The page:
The Covid pandemic has already taken a toll on proceedings, with organisers announcing the Athletes’ Village in Perry Barr would not be ready in time for the Games.
Competitors will instead be housed at various locations, while the site – now known as the Perry Barr Residential Scheme – is still due to welcome residents after the Games have finished.
To mark the milestone date on July 28, work is still ongoing at various sites ahead of the Games.
The stadium in Perry Barr will be the main venue for the Games and is currently undergoing a £72 million refurbishment.
Birmingham 2022 organisers have said the work is “on budget and on schedule to be completed in Spring 2022” – and is due to host athletics and the Games’ opening and closing ceremonies.
Pictures from earlier this month show how the work is taking shape – with work ongoing to expand spectator capacity for the Games.
Speaking in June, Matt Kidson, director of sport for Birmingham 2022 said progress in the last 12 months “has been phenomenal”.
Sandwell Aquatics Centre
The £73 million works at Sandwell Aquatics Centre in Smethwick recently hit a milestone as tiling of the main competition pool to be used in Games began.
Some 190,000 tiles will be used at the centre altogether, with 41,500 in the competition pool, 32,500 in the dive pool, 10,000 in the studio pool and 67,000 in other areas of the facility.
Speaking in June, Ian Reid, chief executive of Birmingham 2022, said: “It has been great to get back on site and the Sandwell Aquatics Centre is looking incredible.
“There has been so much progress in the last 12 months and the credit for that must go to Sandwell Council and its construction partner.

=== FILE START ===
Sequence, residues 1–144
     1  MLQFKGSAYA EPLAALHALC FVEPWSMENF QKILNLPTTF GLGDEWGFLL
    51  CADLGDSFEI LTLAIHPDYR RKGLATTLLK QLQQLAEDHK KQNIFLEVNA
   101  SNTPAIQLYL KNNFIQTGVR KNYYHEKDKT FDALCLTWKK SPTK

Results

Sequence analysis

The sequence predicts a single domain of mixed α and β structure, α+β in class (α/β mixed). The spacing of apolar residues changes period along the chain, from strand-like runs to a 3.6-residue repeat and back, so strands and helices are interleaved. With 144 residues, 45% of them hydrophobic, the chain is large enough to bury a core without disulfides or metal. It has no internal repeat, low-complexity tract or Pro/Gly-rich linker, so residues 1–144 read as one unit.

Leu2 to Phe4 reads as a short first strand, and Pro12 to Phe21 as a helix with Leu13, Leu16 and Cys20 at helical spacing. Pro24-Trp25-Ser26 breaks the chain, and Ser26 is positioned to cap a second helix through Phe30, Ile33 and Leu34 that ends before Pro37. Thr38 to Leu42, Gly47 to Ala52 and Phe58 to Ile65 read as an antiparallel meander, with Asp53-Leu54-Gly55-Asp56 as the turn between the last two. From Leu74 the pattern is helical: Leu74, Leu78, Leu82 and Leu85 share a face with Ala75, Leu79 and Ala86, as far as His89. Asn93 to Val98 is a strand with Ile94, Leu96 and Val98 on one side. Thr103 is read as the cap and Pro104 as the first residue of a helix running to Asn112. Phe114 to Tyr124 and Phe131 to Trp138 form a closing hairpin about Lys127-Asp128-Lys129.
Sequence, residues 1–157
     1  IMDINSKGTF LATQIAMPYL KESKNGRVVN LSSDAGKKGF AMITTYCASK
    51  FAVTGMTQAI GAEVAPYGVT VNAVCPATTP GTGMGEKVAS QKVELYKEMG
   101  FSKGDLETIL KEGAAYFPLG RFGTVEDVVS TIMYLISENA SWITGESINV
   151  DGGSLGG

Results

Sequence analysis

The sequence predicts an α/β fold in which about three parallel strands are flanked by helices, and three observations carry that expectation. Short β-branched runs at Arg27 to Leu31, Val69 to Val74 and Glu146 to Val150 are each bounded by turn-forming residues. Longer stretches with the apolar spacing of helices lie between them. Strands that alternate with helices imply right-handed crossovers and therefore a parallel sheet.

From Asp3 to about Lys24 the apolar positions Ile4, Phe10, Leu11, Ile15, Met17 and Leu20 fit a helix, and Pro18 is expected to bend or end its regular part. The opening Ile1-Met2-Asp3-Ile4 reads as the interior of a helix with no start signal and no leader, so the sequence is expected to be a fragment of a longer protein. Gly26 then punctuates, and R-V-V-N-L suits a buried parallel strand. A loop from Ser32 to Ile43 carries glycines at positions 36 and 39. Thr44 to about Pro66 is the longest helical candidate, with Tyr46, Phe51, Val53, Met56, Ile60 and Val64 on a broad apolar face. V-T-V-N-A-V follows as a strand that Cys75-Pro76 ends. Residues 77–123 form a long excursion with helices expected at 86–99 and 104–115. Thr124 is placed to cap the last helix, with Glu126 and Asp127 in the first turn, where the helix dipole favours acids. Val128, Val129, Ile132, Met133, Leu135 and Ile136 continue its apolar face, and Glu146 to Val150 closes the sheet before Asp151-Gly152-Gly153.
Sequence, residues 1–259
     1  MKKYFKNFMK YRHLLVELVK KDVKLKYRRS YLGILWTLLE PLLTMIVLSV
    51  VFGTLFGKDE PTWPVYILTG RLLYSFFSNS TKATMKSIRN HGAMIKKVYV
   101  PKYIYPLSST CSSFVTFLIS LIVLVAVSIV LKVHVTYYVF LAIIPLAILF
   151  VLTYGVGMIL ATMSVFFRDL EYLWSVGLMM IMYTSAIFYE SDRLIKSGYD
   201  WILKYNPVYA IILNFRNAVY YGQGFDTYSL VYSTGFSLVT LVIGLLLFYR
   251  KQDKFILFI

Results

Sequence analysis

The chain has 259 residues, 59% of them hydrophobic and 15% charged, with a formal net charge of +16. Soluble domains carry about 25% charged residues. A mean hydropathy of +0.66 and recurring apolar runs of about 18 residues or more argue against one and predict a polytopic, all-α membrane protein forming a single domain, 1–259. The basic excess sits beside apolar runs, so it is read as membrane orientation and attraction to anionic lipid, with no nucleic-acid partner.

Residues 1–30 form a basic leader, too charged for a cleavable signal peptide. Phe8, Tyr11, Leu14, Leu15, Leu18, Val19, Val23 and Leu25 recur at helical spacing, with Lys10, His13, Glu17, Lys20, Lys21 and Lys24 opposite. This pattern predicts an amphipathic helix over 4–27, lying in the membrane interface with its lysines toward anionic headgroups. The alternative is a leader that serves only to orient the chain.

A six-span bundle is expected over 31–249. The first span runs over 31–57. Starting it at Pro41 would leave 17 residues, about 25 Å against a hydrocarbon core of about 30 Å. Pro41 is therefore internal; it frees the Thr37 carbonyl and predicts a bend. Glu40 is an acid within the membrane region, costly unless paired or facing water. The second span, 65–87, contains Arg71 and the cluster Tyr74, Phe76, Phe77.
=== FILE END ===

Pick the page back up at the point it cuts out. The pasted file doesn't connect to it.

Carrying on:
“You can now really get a sense of how the only new build venue for our event, the Sandwell Aquatics Centre, will look during the Games.
“This a key competition site for Birmingham 2022, as more medals will be decided here than at any other Games venue.”
Smithfield may currently look a bit like a wasteland but following planning permission granted last week, the city centre site is set to host basketball and beach volleyball next year.
A series of temporary structures are set to be put up on the site before being taken away by September of next year – with much larger plans in store for the area in the long term.
A £1.9 billion development at the site will see the creation of a new home for Birmingham’s historic Bull Ring Markets, shops, a hotel and a new public square to be used for activities including festivals and community and arts events.
Perry Barr station
The £31 million redevelopment of Perry Barr station began with the demolition of the existing building in May.
Construction is now under way on the new station while work on a new bus interchange outside the One Stop Shopping centre will start in the autumn.
The project, led by Transport for West Midlands (TfWM) and the West Midlands Rail Executive (WMRE) is due to be completed by spring next year.
At the same time, A34 improvement works being led by Birmingham City Council are due to be completed by the end of this year.
The redeveloped University Station, near the University of Birmingham, is not scheduled to be completed in time for the Games but will be “usable” – and is reportedly due to open a day before the Games start.
The station will then fully open to the public in the autumn of next year.
The site is expected to be able to accommodate seven million people per year, and will include a larger, modern station and enhanced facilities including more lifts, a ticket office, shop and public toilets.
A West Midlands Combined Authority spokesperson said: “Key milestones due this autumn are the installations of two bridges – one over the railway line and the other over the adjacent canal – and the railway line will be closed on several Sundays throughout the year for these installations and preparatory works to happen.
“Customer information is available at tfwm.org.uk/university-station. The existing station will also continue to be in service throughout the period, other than that small number of Sunday closures.”